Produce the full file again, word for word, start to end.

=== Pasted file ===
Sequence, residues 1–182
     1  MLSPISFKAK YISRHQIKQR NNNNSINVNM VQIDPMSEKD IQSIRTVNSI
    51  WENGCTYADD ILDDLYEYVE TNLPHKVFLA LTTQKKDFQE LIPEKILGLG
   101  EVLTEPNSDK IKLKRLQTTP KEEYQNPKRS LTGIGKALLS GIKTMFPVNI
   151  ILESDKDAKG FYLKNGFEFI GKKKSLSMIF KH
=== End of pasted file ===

Sequence, residues 1–182
     1  MLSPISFKAK YISRHQIKQR NNNNSINVNM VQIDPMSEKD IQSIRTVNSI
    51  WENGCTYADD ILDDLYEYVE TNLPHKVFLA LTTQKKDFQE LIPEKILGLG
   101  EVLTEPNSDK IKLKRLQTTP KEEYQNPKRS LTGIGKALLS GIKTMFPVNI
   151  ILESDKDAKG FYLKNGFEFI GKKKSLSMIF KH